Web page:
The photographer or his relatives are the owners of the negatives. Some are kept in an estate. Original prints are created and approved by the photographer during his or her lifetime. After his death, there are no more originals. Estates sometimes publish new prints in editions, which are less valuable as originals but can still be interesting items for collectors. In these cases, there should be an estate stamp on the print, indicating that it is a posthumous print. Estates may also use the negatives for exhibition and book publishing purposes.
The value of photographs depends on many variables.
- Is the work considered to be of historical importance, whether in subject or technique?
- Was the work ground-breaking for the development of photography?
- Did the photographer publish books?
- Did others publish monographs or biographical books?
- Is the photographer mentioned in important reference books?
- Is the work exhibited in museums?
- Is the work exhibited in galleries?
- Is the work collected by connoisseurs and collectors?
- Photographs can be considered rare if the edition numbers are approximately:
- Before 1900: 1 - 25
- 1900 - 2000: 25 - 250 (major master photographers)
- 1900 - 2000: up to 1000 (a handful of masters, like Ansel Adams and Henri Cartier-Bresson)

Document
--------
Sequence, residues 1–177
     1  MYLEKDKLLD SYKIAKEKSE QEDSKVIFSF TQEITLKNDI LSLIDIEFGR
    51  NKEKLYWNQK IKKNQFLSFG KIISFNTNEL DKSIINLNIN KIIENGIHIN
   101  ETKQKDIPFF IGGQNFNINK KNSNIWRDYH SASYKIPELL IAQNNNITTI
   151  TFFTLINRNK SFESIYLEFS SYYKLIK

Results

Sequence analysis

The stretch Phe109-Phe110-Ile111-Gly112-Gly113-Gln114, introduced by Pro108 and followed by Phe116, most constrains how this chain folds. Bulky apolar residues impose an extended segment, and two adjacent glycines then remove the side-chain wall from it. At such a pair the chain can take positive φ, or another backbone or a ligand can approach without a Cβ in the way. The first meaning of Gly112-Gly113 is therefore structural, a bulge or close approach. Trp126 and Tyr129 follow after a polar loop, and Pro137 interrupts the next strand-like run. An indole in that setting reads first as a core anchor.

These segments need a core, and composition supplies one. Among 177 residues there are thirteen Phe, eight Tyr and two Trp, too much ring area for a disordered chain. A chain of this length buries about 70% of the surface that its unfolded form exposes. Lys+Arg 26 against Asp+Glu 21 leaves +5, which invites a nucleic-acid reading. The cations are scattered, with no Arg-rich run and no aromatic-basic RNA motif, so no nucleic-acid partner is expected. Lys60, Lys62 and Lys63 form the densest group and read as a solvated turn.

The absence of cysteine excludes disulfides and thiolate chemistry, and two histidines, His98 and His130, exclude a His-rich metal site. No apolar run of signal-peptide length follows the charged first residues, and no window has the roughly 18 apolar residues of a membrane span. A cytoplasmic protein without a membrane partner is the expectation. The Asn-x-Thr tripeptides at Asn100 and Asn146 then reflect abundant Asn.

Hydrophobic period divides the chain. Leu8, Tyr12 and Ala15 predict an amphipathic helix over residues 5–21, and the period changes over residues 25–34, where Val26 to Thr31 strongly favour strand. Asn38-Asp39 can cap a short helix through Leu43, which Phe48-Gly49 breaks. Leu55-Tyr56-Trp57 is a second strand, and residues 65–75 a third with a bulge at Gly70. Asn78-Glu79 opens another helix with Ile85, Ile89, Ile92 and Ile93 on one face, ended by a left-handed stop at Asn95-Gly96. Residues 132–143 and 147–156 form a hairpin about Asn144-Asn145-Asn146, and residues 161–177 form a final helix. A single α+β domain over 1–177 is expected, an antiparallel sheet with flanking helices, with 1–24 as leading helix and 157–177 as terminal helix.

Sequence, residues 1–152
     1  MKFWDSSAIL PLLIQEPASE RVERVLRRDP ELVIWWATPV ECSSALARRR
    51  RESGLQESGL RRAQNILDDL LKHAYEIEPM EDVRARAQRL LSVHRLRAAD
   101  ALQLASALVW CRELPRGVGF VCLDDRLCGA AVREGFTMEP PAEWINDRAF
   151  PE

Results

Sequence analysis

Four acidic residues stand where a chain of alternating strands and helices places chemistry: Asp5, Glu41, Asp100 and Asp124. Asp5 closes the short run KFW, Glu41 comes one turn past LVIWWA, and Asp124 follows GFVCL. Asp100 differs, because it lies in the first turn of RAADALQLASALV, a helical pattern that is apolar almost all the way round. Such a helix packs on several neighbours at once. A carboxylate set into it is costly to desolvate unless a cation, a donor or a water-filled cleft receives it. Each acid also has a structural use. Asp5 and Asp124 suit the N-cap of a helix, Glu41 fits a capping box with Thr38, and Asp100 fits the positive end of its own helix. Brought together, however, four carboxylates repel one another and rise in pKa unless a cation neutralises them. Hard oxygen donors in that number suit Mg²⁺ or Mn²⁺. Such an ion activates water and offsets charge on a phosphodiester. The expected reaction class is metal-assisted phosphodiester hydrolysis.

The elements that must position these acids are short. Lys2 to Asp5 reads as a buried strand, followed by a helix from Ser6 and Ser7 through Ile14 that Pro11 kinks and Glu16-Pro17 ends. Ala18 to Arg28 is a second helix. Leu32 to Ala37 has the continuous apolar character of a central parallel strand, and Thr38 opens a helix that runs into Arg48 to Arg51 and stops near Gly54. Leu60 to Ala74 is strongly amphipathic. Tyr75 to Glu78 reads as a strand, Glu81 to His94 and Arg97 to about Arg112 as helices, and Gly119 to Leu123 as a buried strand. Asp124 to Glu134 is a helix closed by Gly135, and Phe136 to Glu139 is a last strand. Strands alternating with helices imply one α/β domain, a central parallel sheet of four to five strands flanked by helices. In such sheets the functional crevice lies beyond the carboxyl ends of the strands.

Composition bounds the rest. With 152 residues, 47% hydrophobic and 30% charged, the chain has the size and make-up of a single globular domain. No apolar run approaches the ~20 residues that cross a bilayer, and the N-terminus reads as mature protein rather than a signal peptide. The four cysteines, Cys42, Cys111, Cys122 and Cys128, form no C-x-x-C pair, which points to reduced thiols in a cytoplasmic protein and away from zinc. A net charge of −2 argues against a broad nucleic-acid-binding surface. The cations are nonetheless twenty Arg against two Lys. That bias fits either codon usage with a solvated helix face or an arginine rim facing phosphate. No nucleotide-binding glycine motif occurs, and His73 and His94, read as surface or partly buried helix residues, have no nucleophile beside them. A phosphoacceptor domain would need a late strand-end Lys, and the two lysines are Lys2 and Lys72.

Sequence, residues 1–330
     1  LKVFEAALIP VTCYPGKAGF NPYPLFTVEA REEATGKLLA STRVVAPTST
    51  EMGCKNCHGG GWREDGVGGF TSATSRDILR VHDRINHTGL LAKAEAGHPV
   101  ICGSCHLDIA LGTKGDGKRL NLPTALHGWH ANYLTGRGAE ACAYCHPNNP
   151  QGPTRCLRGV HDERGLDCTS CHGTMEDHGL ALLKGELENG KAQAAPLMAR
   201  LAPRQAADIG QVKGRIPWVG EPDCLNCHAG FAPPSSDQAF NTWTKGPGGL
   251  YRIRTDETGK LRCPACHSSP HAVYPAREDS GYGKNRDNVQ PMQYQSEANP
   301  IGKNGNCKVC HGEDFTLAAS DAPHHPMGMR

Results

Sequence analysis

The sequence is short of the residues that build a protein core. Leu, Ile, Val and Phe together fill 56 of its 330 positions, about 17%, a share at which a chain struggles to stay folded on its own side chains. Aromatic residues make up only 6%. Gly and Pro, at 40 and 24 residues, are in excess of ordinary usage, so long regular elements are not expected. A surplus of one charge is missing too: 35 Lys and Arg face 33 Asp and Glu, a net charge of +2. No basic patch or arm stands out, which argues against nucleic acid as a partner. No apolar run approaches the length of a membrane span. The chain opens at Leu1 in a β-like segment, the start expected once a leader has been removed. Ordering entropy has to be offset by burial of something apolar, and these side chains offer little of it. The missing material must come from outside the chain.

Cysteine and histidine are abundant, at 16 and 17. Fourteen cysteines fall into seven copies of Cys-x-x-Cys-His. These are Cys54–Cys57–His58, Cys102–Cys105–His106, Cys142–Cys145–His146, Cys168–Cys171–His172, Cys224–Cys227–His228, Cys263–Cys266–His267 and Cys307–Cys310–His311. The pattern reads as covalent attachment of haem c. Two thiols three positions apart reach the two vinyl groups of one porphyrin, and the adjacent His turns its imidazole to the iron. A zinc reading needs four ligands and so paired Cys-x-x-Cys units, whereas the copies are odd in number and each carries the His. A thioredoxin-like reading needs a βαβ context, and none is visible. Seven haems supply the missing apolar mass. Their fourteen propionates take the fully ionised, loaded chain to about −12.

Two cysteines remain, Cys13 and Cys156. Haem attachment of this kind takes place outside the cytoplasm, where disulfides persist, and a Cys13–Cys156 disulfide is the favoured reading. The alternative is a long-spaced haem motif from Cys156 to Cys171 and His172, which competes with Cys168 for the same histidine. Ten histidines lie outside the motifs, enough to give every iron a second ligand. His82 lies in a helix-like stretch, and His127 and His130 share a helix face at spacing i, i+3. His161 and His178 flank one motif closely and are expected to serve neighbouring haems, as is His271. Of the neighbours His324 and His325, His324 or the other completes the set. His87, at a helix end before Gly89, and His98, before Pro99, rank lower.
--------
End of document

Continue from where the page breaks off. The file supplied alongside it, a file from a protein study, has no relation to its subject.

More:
Around 1980 it became quite fashionable for photographers to print limited editions and photographs produced before that era are very rarely limited editions. Many photographers did not number their prints, not even later prints that were sold in galleries. However, even if a print is a limited edition it rarely affects its value.
- Is the print signed?
- Does the print bare the photographer’s copyright stamp?
- Does the print bare a copyright stamp from an agency?
- Are there titles, dates or other annotations on the print?
- Did the photographer write a dedication on the print?
In some cases there are no markings to indicate the creator or authenticity. A specialist can assist you in the valuation of these photographs.
The source of a print does not directly affect its price or value. A respected provenance, however, is helpful in determining all other criteria. If a specialist from a gallery, museum or auction house has assessed a print, that print has respected provenance.
- What are the historical prices of the photographer’s work at galleries? Take for example the price history for Henri Cartier-Bresson at galleries: Price History: 1976 ($500), 1986 ($2,500), 1996 ($3,500 - $5,000), 2001 ($4,000 - $5,500), 2005 ($13,000 - $25,000).
- What are the historical prices of the photographer’s work at auctions? Read auction house (online) catalogues and about sold lots or subscribe to online services to find previous results. Some suggestions include: www.photoreview.org/market.htm, www.artprice.com, www.christies.com, www.sothebys.com, www.gordonsart.com.
- Be careful with ‘Letters of Authenticity’ if they are not written by reputable specialists.
- If a portrait is of a famous person this might affect its overall value. But does anyone ever wonder about who the models of Irvin Penn, Jeanloup Sieff or Helmut Newton are?
- In the world of photography, size does NOT matter!